If you are involved in a car accident in Kentucky, you should be eligible for compensation, as long as you were not at fault for the wreck.
The majority of car accident claims settle out of court. Settlement is a quicker and more cost-effective solution than taking a case to trial.
Regardless of whether your case goes to trial or gets resolved via settlement, it is advisable to retain an experienced personal injury attorney to help you achieve the maximum recovery for your losses.
Here at Flora Templeton Stuart, we can help you negotiate Kentucky car accident settlements seamlessly. We have collected millions of dollars in damages for our Kentuckian clients injured in car wrecks for which they were not at-fault.
Flora Templeton Stuart Accident Injury Lawyers can refer you to a CPA if there are any taxes owed from a personal injury settlement or verdict. Generally, in Kentucky and Tennessee, personal injury recovery is not taxable unless there are punitive damages or wages.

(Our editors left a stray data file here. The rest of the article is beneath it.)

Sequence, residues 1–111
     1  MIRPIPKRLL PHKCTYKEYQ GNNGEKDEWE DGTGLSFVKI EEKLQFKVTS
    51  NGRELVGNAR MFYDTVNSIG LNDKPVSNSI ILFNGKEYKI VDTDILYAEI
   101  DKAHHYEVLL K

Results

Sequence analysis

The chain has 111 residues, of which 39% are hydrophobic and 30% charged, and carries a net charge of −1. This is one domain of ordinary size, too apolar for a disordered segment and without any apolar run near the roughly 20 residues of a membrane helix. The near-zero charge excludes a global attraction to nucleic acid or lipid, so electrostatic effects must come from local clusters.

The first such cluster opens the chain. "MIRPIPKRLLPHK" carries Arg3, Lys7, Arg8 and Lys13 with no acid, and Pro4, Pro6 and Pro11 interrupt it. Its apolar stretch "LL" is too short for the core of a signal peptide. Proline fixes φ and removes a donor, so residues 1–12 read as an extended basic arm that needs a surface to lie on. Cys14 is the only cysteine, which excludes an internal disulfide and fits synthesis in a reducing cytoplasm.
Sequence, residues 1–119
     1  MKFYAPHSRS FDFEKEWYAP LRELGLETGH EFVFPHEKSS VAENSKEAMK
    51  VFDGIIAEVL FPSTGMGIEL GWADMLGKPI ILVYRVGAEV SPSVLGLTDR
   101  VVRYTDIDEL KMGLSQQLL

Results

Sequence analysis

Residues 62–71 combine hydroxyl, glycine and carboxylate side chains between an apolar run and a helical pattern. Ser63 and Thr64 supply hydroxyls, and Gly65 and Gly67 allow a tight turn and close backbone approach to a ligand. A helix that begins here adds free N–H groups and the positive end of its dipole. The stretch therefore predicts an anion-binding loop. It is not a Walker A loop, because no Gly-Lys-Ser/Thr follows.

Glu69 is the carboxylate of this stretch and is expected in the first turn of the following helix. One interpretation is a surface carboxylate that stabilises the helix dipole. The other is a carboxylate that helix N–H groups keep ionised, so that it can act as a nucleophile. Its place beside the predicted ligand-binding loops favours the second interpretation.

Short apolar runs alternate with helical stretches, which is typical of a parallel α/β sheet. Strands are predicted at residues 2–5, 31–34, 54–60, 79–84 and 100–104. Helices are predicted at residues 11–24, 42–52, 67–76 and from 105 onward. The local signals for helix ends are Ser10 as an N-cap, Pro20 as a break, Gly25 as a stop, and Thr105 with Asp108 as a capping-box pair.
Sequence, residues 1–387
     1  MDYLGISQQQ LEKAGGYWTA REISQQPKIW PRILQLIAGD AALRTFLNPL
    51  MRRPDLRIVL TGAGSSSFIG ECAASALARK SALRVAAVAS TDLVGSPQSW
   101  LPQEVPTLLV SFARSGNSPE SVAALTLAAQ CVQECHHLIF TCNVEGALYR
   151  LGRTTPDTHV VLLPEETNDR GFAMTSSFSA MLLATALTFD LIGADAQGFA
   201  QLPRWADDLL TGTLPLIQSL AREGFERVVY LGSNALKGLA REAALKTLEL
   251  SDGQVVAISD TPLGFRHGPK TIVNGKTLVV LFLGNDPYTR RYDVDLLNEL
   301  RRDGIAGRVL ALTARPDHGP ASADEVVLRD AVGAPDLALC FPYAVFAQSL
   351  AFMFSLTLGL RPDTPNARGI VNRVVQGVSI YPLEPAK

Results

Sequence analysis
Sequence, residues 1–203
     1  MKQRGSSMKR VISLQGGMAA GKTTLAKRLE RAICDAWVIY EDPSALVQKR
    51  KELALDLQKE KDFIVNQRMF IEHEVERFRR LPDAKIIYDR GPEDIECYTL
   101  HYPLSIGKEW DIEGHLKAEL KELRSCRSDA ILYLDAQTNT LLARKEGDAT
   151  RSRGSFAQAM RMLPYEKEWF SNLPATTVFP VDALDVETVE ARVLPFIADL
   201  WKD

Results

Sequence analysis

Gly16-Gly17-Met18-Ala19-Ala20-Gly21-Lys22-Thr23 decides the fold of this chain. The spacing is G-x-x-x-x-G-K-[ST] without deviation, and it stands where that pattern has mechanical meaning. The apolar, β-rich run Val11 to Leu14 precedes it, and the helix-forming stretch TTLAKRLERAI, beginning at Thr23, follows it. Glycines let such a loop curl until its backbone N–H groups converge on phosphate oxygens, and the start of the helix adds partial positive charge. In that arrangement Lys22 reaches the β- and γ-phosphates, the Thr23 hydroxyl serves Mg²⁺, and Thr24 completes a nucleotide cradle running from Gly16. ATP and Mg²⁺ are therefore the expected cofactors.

IRS Code Concerning Personal Injury Settlements
This section of the US tax code shows that non-punitive damages are excluded from your gross income, provided those damages are received due to physical injury or sickness. This applies both to lump sum settlements and staged settlements (periodic smaller payments over time).
This means that any money you receive for general damages and compensatory damages after being injured in an auto accident are not taxable.
The reason underpinning this concerns the purpose of these damages categories. They are intended you to compensate you directly for the following:
As such, this portion of the settlement will not be taxable.
Beyond this, all monies awarded for accident-related vehicle damage are also non-taxable, including:
What Damages are Taxable?
Two main types of damages are subject to taxation:
Typically, insurance companies will pay out a lump sum settlement. The insurer will not always provide a breakdown of damages on the accompanying release form, leaving you to correctly allocate various portions of your settlement for tax purposes.